- Stress usually makes relationships more tense.
- During the pandemic, stress ascribed to coronavirus restrictions actually increased resiliency in couples.
- Researchers expected this effect to dissipate over time, but it isn't.
A new study just published in Social Psychological and Personality Science suggested that when individuals in intimate relationships blamed extraordinary stress during the pandemic on the pandemic, rather than on one another, their relationships better withstood the onslaught of pandemic-related stressors. Prior research had indicated that when stressors originate outside of relationships, including work stress and financial uncertainty, relationships tend to suffer. In other words, the quality of relationships are typically undermined by extraordinary life stressors.
Earlier research indicated that on days when individuals experience more than usual stress outside a relationship, even when it has nothing to do with the relationship, they are "more likely to express criticism, anger, or impatience toward their partner and to appraise their relationship in a more negative light compared to days when they experience less stress."
Lisa Neff, Marci Gleason, Erin Crockett, and Oyku Ciftci (2021), researchers in Austin, Texas, therefore, expected that the myriad of stressors created by the pandemic would generally exacerbate tensions for couples and reduce relationship satisfaction for many. Scholars such as Pietromonaco and Overall (2020) had already predicted as much.
The COVID-19 pandemic forced couples everywhere to figure out how to manage together complex, evolving, and stressful circumstances involving combinations of childcare issues, school-related parenting responsibilities, working remotely, figuring out how to ensure the health and well-being of family and friends in the midst of an unfamiliar public health emergency, and financial uncertainties tied to volatile economic conditions.
The Texas research group anticipated that the pandemic's quality of salience—the fact that it is such a large, unavoidably affecting feature of life on earth for all human beings during this time—would mitigate some of the impacts of the pandemic on relationships.
Prior research evidence has suggested that prominent stressors affecting large numbers of people and are relatively uncontrollable provide opportunity for partners to attribute problems to stressful circumstances rather than intimate partners.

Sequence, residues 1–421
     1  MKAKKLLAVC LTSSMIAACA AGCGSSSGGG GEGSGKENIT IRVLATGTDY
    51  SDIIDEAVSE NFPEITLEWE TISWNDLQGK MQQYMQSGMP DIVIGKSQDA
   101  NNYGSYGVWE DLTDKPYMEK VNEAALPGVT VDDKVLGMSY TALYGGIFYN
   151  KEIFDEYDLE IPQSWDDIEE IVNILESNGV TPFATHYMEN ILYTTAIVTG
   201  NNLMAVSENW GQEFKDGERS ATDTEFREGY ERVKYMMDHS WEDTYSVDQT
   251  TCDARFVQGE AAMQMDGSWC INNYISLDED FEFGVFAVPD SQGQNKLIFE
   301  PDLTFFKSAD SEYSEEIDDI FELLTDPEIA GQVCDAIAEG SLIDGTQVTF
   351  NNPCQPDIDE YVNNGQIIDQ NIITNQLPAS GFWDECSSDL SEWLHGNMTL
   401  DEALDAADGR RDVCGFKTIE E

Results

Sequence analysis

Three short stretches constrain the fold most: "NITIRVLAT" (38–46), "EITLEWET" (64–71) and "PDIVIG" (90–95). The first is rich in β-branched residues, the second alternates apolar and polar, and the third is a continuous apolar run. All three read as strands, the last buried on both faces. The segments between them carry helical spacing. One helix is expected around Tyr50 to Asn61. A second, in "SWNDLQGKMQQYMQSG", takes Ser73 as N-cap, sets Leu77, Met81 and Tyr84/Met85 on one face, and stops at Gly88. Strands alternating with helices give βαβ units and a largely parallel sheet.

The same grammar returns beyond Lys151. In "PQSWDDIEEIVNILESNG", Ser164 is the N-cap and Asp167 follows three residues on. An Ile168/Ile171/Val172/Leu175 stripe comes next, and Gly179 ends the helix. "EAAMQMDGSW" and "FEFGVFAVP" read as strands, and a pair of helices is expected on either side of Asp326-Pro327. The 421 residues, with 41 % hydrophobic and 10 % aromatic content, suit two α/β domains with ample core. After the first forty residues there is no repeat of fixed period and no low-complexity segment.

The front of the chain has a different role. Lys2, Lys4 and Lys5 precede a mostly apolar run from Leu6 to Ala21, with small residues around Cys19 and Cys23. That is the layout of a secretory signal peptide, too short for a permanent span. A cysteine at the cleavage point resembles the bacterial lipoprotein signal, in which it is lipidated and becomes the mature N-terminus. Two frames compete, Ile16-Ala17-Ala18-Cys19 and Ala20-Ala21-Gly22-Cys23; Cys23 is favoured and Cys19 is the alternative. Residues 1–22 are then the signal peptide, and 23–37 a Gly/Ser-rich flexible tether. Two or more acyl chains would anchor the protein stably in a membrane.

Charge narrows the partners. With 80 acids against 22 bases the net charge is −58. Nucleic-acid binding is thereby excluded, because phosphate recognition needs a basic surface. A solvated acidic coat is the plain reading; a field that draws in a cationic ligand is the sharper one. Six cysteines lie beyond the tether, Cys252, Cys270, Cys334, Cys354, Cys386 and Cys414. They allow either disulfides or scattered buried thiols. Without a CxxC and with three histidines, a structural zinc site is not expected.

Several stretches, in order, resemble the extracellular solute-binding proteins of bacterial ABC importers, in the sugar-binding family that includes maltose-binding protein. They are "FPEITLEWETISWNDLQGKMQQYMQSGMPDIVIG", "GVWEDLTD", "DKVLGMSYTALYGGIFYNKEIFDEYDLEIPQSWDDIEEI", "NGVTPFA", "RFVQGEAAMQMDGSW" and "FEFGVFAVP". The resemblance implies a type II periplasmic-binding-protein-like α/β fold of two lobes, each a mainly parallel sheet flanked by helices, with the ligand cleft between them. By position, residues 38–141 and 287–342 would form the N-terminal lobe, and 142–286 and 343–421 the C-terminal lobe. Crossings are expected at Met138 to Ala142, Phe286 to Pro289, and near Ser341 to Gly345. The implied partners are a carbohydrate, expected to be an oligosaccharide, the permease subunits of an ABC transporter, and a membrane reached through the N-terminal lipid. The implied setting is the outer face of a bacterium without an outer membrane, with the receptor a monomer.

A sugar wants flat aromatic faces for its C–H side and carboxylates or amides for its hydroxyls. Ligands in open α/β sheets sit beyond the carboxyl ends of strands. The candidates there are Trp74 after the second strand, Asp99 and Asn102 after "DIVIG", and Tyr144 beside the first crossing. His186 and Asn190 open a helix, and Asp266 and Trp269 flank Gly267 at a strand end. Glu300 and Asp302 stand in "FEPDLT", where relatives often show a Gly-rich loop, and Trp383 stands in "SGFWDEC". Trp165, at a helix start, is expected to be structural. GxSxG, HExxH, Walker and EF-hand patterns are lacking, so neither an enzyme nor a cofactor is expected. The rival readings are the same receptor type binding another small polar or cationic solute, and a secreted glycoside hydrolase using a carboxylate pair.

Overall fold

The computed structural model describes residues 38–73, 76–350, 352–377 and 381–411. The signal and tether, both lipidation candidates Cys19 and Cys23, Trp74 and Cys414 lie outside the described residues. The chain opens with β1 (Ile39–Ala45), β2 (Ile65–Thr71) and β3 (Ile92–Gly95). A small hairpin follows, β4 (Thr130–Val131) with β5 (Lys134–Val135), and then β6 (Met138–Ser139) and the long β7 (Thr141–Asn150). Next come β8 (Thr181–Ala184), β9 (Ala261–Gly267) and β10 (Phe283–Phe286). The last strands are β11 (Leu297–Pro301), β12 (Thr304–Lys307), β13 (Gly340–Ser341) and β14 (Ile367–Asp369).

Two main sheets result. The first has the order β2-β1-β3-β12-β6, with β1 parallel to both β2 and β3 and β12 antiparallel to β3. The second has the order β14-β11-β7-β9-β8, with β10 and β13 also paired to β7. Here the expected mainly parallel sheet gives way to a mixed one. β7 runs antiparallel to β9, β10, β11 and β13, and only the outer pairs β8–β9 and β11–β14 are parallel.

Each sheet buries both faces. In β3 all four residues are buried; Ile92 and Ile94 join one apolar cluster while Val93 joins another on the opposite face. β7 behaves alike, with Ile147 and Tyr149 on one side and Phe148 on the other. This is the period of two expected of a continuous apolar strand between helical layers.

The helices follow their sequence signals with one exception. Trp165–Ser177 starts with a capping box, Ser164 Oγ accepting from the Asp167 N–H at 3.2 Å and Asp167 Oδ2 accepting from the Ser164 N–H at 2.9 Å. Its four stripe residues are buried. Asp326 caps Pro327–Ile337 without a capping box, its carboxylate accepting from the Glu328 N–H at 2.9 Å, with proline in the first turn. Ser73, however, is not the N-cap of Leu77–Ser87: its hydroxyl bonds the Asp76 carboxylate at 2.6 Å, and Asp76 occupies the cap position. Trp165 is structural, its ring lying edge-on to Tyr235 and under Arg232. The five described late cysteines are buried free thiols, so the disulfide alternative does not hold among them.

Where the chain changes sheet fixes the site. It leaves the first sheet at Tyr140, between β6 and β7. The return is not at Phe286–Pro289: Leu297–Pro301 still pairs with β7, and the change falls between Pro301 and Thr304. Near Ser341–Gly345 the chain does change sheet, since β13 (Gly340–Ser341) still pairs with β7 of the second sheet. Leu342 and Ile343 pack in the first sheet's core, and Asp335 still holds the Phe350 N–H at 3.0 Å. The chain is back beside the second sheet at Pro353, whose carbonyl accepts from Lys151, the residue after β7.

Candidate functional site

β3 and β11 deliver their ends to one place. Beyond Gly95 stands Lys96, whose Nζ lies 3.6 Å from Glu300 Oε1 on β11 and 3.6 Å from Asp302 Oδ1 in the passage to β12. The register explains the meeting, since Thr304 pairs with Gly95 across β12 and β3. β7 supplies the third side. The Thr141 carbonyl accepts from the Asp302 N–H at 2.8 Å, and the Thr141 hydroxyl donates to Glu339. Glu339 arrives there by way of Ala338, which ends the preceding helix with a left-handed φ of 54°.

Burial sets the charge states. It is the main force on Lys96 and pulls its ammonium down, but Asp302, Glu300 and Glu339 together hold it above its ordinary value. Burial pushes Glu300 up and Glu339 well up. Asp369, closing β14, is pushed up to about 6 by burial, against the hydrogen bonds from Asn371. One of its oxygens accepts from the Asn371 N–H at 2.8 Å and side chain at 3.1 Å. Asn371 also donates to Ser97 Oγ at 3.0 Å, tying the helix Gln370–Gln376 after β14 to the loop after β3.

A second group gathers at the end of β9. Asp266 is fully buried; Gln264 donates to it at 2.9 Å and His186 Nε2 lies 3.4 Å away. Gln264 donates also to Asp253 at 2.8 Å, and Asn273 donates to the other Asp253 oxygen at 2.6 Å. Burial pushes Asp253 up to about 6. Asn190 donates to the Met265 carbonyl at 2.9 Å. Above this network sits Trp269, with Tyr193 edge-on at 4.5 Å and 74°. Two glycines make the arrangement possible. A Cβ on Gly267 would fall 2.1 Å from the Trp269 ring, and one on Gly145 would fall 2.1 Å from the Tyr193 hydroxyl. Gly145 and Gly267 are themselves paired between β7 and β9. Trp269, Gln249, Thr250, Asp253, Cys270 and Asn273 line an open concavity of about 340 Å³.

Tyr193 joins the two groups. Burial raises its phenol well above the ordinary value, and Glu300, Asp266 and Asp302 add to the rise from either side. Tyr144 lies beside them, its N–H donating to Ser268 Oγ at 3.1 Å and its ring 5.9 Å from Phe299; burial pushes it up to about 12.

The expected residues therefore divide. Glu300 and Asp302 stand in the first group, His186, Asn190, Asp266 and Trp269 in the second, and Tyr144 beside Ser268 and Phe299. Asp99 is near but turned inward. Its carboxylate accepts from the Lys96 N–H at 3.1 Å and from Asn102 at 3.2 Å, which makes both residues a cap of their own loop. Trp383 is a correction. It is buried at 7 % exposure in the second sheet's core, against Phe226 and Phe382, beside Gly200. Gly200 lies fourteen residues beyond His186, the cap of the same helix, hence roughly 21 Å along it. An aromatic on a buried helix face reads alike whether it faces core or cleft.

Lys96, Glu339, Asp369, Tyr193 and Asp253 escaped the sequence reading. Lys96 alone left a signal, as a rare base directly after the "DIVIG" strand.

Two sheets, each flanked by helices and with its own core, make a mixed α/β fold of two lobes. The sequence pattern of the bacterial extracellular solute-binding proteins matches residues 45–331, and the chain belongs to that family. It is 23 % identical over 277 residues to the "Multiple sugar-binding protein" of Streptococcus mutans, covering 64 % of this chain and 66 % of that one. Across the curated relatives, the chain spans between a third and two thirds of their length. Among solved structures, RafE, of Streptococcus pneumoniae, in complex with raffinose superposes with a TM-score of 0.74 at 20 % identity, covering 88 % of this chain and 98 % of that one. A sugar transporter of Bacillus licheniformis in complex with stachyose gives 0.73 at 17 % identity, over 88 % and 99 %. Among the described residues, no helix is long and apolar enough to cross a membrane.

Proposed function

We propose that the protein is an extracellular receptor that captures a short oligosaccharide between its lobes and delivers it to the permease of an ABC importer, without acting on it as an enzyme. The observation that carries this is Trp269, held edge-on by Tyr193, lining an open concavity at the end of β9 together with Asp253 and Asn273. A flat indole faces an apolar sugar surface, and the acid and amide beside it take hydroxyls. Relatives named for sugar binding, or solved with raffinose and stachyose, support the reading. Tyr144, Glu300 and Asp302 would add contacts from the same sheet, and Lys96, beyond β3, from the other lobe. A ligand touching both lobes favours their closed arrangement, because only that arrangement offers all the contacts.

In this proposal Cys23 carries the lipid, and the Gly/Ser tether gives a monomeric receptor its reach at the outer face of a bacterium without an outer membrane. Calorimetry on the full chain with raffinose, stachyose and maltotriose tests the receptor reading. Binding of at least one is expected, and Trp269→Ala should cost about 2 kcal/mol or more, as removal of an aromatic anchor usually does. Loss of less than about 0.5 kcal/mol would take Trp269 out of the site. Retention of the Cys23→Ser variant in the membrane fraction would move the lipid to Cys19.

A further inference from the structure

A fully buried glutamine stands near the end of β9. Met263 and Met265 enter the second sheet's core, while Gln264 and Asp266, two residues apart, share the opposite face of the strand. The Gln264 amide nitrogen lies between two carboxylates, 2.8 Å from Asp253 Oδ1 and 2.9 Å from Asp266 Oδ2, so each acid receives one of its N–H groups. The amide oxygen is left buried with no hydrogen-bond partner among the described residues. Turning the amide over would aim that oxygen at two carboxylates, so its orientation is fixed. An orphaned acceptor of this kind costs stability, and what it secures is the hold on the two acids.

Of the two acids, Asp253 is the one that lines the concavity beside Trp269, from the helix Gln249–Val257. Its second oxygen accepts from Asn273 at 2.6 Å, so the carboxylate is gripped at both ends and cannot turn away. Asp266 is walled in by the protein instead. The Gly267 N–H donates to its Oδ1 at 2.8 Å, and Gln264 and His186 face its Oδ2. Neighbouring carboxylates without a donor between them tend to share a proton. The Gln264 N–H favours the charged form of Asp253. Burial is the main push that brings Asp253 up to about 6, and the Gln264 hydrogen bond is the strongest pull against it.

Interestingly, large-scale, uncontrollable stressors tend to mobilize coping and relational support efforts, especially when it is clear that the partner is not to blame for the stressor. On the other hand, it is not always so clear how to attribute causality when it comes to more common stressors, especially those that may be able to be tied to a partner's behavior, such as stressors related to finances.
Even still, research seems to indicate that even salient conditions of stress can only act as a relationship buffer, while stressors remain relatively low or moderate in their degree of collective intensity. It is thought that stress levels characterized as "high" by such studies have the potential to overwhelm couples' coping efforts and harm relationships. In such cases, the proverbial levee may not hold back the storm surge.
In any case, because of the salience, scope, and uncontrollability of the stress the pandemic created, this was as good an opportunity as there ever was to study the degree to which blaming a large, uncontrollable stressor like the pandemic for one's problems, rather than blaming one's partner, might mitigate the spillover of stress into relationships themselves.
Adjusting for average daily stress, the researchers devised an equation to calculate "stress spillover" that took into account couples' reported daily stress, daily relationship satisfaction, and the degree to which individuals attributed blame for their current stress on their partner.
One conclusion: "Notably, and supporting the notion that salient, uncontrollable stressors may encourage partners to place blame for their difficulties on the stressor, participants were generally more blaming of the pandemic for their problems."
Even further: "Similar to the results for relationship satisfaction, pandemic blaming attributions were not associated with perceived negative behaviors on days of lower stress. However, on days of higher stress, individuals who were more blaming of the pandemic reported enacting fewer negative behaviors compared to individuals who were less blaming of the pandemic."
Still, what about "moderate" stress that lingers? The Texas researchers examined whether the buffering effect of couples blaming the pandemic for their woes would persist in fending off toxic relationship dynamics that would take an even greater toll on relationship well-being. Prior research had suggested, and so Neff, Gleason, Crockett, and Ciftci (2021) expected, that any protective effects would dissipate as the pandemic wore on.
What Neff, et al (2021) did not expect was for this buffering effect, related to the pandemic's salience, to persist over significant periods of time.
The researchers wrote, "The protective effect of pandemic blaming attributions did not seem to dissipate over time."
Notably, on average, individuals were more likely to blame the pandemic than to blame themselves or their partners for problems participants were experiencing in the face of the pandemic. Importantly, blaming the stressor "appeared to enhance stress resilience."
This study is only the second to directly examine benefits of scapegoating large-scale, uncontrollable stressors for relationship difficulties.
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